Retail Q&A with Ian Taylor

Head of retail for SPAR, the independent retailers group, Ian Taylor discusses the role the smaller store can play in the community.


Words by Clare Dowdy

Customers are doing more of their shopping in smaller stores. Why is that?

Customers are shopping little and often. Convenience is high on the agenda, and in many cases shoppers are looking for 'tonight's tea'. Customers don't want to walk around a large store to get this, so are travelling to smaller convenience stores on the high street, in villages, towns, city centres and at petrol station forecourts to fulfil their needs. We see convenience stores on fuel sites getting much better at adapting to this growing trend and meeting the needs of the passing motorist.

Ian Taylor
Ian Taylor

How is SPAR delivering on the convenience factor that customers are after?

SPAR has developed and designed a number of formats to deliver customer needs. For example, stores should have open windows, so customers can see what is on offer in the store, with a view across the store. A coffee offer together with hot and cold snacks are now key in some formats, together with some seating, Wi-Fi and mobile device charging.

Our stores are now becoming the hub of the community and many also have parcel collection, bill payments and food-service partners integrated into the stores.

Why are you increasing locally sourced products? Has that affected design, graphics or layout?

Although SPAR is seen as a national business, it is delivered on a local basis from five regional wholesalers spread across the UK. Locally sourced products have always played a large part in our ranging decisions, and customers expect to see locally produced products. As the hub of the community, we can stock these products far more easily than larger businesses, as we can deal on a local basis. Locally sourced products can be displayed in fixtures or on modular displays and form part of the overall look and feel of the store.

Crate-style shelving is a feature of the SPAR Roadchef at Northampton
Crate-style shelving is a feature of the SPAR Roadchef at Northampton

Give an example of how you accommodate a concession, in terms of design and layout

Local butcher's produce sits alongside our Daily Deli, and we keep the heritage of the local butcher, while keeping the design in harmony with our Daily Deli brand.

The crate-style shelving at Roadchef Northampton is from LinkShelving, together with the wine crates and the front of store unit. We have been working with it to create a cost-effect shelving system that gives a point of difference.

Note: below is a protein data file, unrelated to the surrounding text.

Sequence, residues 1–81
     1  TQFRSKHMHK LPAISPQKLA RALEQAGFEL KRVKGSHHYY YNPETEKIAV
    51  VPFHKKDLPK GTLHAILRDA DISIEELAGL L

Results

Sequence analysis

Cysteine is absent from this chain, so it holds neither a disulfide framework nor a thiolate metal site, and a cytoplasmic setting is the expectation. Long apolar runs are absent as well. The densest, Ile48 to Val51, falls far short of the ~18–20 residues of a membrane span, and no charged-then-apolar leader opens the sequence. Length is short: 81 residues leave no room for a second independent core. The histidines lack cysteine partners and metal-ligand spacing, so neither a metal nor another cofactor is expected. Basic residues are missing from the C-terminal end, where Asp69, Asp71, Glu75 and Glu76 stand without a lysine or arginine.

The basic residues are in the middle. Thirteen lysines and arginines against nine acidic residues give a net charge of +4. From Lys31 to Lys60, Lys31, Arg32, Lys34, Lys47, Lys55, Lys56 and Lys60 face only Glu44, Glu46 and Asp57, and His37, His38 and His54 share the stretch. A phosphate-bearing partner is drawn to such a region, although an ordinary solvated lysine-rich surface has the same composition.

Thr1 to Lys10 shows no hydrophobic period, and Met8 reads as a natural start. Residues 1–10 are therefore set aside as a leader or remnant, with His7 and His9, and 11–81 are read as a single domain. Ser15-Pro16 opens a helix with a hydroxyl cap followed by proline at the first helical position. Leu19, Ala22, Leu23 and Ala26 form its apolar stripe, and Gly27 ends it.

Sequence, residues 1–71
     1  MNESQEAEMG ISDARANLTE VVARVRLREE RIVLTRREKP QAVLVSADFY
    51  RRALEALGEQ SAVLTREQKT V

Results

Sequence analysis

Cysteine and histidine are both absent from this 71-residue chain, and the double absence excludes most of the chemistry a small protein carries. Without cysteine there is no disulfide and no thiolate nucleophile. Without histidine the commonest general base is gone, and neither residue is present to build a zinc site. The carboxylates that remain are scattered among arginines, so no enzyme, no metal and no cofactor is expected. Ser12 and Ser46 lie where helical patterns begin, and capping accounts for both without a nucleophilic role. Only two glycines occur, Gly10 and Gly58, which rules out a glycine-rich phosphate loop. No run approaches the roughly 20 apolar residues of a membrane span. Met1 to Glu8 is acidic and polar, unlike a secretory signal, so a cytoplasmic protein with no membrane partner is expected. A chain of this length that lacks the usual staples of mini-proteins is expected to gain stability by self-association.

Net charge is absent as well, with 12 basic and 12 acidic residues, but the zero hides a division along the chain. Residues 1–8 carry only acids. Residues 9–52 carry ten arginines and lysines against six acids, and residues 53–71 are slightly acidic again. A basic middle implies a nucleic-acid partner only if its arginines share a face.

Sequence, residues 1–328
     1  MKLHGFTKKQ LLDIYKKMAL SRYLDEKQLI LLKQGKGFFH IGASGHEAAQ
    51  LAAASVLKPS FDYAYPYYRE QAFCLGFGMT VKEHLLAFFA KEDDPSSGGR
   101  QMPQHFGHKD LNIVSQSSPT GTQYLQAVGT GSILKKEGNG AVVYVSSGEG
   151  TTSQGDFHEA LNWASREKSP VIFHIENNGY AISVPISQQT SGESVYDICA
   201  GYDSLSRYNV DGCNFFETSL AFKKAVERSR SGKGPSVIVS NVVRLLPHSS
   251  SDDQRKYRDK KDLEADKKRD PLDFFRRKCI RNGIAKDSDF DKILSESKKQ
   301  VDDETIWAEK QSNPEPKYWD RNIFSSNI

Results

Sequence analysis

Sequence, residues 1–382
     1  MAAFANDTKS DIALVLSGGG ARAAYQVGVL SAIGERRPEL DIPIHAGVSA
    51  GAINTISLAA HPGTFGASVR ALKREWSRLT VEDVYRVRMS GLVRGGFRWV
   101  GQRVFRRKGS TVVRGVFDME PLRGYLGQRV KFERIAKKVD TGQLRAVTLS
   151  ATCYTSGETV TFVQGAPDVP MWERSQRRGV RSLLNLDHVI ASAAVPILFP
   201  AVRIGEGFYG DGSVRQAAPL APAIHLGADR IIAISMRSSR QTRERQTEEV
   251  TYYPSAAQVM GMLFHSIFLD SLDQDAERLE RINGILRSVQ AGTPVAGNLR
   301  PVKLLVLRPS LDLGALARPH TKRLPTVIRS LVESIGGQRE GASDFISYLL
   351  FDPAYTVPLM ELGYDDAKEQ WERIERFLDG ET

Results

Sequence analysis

What are your priorities when it comes to design and aesthetics?

I have never met a customer who, when entering a store, looks at the colour of the floor and says 'I'm not shopping in here: I don't like the colour!' Yes, everything needs to harmonise, but not at the expense of cost or of the customer mission.

I work for independent retailers. It is their money I'm spending and I'm committed to getting them the best store design and layout for the best value for money, enhancing their sales and more importantly their return on investment. I emphasise value for money, not lowest price, as the products need to be able to stand the test of time in a busy convenience store.

I work with SPAR's design agency, Appetite, when looking at all new formats. We have a number of award winning stores, which is great for the team and for SPAR. But for retailers, I see success as increasing their profits and rolling the format out to more stores. Increases in profit for a revamped store are between five per cent and 10 per cent.

At the same store, an open entrance and a view across the floor is inviting
At the same store, an open entrance and a view across the floor is inviting

Where does SPAR go from here? Any innovations ahead?

We have a saying in SPAR, 'the next store has to be better than the last'. We are always looking to develop our formats, by analysing the trends in the market and listening to our retailers and our customers.

We believe that a local SPAR can become the hub of the community, with all the services that have been displaced on the high street within the store. I also think more stores will be licenced for on-trade in the future, with seating areas and some form of vending and collection services.

Our ambition is to refit or refresh 20 per cent of our estate a year. Each business will determine its own level of expenditure.

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